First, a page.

Veteran New Yorker now living in Abu Dhabi (which is not Dubai); novelist, literary critic, literature professor at NYU Abu Dhabi and former columnist for The National, the English-language newspaper of the UAE. Writes about culture, art, books, family, the perils of parenthood, feminism, travel, teaching and learning. Loves essays, historical fiction, and semi-colons. Co-editor of the Oxford History of the Novel in English Volume Eight: US Literature From 1940. Works in progress: "The Corset and the Veil," a novel based on the extraordinary life of Lady Hester Stanhope; and "Children's Literature and the Post-National Imagination," which explores how YA literature written "after the American century," to use Brian Edwards' term, is moving to a post-national view of the world.
My boys are 18 and 15-their silky baby cheeks have long since vanished in whiffs of aftershave and occasional razor stubble and when they hug me, I can feel the muscles bunching across their shoulders. I think to myself, "they're good boys," but then like a malevolent ghost the thought floats in: what if I'm wrong?
The Louvre Abu Dhabi, designed by Jean Nouvel, opened in November after years of delay and a cost rumored to be in the hundreds of millions of dollars. The same weekend as LAD's grand opening, the NYU Abu Dhabi Arts Center hosted the world premiere of Parable of the Sower, an opera composed by the singer/songwriter Toshi Reagon, a queer Brooklyn-based activist, and based on the prophetic novel by Octavia Butler.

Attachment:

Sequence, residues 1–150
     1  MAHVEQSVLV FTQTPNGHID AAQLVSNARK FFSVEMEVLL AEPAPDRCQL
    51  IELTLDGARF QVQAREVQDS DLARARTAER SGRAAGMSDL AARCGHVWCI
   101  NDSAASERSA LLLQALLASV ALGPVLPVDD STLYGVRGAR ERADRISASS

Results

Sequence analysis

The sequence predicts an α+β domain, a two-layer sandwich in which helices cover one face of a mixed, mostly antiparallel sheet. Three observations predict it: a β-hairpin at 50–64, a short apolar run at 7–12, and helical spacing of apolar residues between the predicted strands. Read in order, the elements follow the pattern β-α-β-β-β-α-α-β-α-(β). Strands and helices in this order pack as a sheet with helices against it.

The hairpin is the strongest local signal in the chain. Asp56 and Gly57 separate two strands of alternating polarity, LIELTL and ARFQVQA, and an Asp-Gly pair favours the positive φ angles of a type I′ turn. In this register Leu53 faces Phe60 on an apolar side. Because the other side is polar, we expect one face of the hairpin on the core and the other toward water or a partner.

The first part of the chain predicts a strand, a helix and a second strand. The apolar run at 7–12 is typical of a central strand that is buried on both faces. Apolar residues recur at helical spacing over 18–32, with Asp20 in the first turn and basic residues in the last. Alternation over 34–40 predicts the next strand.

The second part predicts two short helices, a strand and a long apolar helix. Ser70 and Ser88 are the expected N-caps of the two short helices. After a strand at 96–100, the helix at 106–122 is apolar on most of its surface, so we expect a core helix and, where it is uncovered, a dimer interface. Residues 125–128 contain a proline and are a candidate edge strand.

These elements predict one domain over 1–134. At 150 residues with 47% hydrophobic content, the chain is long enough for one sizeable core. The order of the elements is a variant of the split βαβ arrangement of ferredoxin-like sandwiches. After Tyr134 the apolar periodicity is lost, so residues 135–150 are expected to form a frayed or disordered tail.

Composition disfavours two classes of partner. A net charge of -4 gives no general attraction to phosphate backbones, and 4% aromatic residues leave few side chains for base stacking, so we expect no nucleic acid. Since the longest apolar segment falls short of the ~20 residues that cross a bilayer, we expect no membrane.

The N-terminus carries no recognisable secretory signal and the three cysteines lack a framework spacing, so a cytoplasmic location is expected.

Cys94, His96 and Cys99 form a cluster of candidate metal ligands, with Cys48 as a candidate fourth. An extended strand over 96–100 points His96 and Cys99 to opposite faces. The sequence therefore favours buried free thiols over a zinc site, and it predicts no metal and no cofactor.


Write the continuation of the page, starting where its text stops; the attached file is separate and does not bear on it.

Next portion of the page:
On Campus ABU DHABI, United Arab Emirates - "My grandmother told me that the man is the head and the woman is the neck," said an East European student in my class. "It makes me so mad. I don't want to be the neck."
I'm fifty-five. It's a number that is elegant in its doubleness, its mirrored simplicity. I am half-way to ten, eleven times. I am also half-way to sixty, which seems impossible and yet it is mathematically inevitable, no matter if I spend twice my age on skin cream.
What Would Hannah Gadsby Do? You can keep your Jesus bracelets with their WWJD reminders. I'm getting a bracelet that asks WWHGD: What Would Hannah Gadsby Do? Ever since I watched Nanette, her one-hour comedy show that everyone you know is probably telling you to watch (they're right; you should), I haven't been able to get Hannah out of my mind.
"Is that what really happened?" The student who asks me this question is not being disingenuous. We are in a literature class that is part of New York University Abu Dhabi's core curriculum, and he is pointing to pictures in Art Spiegelman's book Maus that show starving Auschwitz prisoners being beaten by Nazi guards.
By Deborah Lindsay Williams @mannahattamamma My son is seventeen. He regularly goes to parties where there are girls and lots of booze, and he doesn't keep a calendar, unless you call "writing things on my hand so I don't forget" a calendar.
We play a lot of card games in the summer. It's part of our ritual, along with renting the same cottage every year at Barnegat Light, "down the shore," as they say in New Jersey.
Selected Academic Essays
Co-authored essay about the global liberal arts
Selected Columns from The National (2013-2018)